Ergo, “mommyjuice” does become babyjuice to some extent, but ’tisn’t necessarily a bad thing if mommy doesn’t hit that juice bottle too often.

Does Chardonnay smell?

I’ve recently begun sharing evening meals – and, therefore, wine – with someone with a self-described smell impairment. He isn’t quite anosmic – he can pick out eau du dead skunk in the middle of the road – but the dense aroma of caramelizing onions that suffused my apartment the other evening totally escaped him.

Understanding that the vast majority of his wine-related sensory experience involves his tongue, not his nose, makes his impressions fascinating. Much of what we commonly experience as “taste” is actually smell. This is especially transparent in wine tasting: just try tasting the same wine out of a Dixie cup with your nose pinched and then out of an expansive glass that allows for lots of swirling and focuses volatiles towards your nose.

Often, in tasting a wine, I haven’t an axe-murderer’s chance in heaven of teasing out what is smell and what is pure taste. But now my smell-impaired friend and I can play “do you taste what I taste?” If my friend’s answer is yes, I’ll put my bets on it being a true flavor. If no, my perception is most likely my nose’s doing.

He picked up on the sour, dirty socky-ness of TCA in a “corked” wine. He tasted the bright cherries and raspberries in a well-aged Finger Lakes Merlot, though the overlay of thyme and bay that delighted me escaped him. Tobacco in a Walla Walla (Washington) Syrah is usually a no. Chocolate in the same Syrah is a toss-up. He gets the spice of Hungarian oak and the red bell pepper of pyrazines. In general, fruit comes across more than herbs or vegetation or flowers and, in general, reds are easier than whites.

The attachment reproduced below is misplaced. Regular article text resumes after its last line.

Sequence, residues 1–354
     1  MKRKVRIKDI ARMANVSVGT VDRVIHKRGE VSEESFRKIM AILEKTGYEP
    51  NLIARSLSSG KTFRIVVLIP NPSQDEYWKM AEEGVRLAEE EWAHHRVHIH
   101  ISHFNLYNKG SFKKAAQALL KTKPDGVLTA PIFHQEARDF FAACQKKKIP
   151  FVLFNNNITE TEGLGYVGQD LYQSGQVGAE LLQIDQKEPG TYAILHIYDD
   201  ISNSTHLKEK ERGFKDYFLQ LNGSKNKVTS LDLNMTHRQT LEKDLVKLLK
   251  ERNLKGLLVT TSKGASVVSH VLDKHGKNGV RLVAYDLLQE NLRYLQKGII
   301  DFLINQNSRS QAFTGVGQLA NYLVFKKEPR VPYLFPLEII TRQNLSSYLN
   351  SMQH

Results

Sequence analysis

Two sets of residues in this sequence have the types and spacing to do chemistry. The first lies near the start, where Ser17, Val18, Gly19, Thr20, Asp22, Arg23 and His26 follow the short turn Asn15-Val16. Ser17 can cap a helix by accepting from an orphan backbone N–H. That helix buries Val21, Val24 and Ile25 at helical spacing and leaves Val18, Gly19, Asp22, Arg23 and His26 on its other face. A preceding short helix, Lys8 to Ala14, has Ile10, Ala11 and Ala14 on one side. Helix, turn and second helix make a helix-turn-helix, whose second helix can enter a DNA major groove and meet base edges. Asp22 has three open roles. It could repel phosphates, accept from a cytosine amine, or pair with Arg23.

The Chardonnay that accompanied this evening’s roast chicken (with Meyer lemon, caramelized onions, and parsley) over spaghetti squash (with Parmesan and feta cheeses), steam-sautéed crucifers (with currants and Aleppo pepper), and a bit of mango-radish salad is an excellent case-in-point. To me, the Folie à Deux 2009 Napa Valley Chardonnay was exemplary of its type. Melon, oak, and vanilla on the nose. Lemon, butter, and vanilla on the palate. Sharp acidity up front on the tongue balanced by some perceptible residual sugar (the main point at which this wine deviates from the classic California oaky Chard profile.) Long finish dominated by butter and oak. Yummy, if a little on the sweet-tart side for my taste. 

His redux: acidity and sugar, yes; lemon, yes; vanilla, no; melon, no. Oak and butter, sort of, if you allow his amalgamating those flavors into “rum.”

I’m now hypothesizing that some wines – like Chardonnay – owe a higher proportion of their character to aroma than others – like, say, Carménère (which my companion tends to enjoy a lot.) Hypotheses require testing to be bolstered up or smashed down, and post-hoc analysis just won’t do since I haven’t heretofore paid attention to the right factors in the right way. Awwww, shucks. We’ll just need to drink – and talk about – more wine.

Folie à Deux 2009 Napa Valley Chardonnay – $18 (media sample)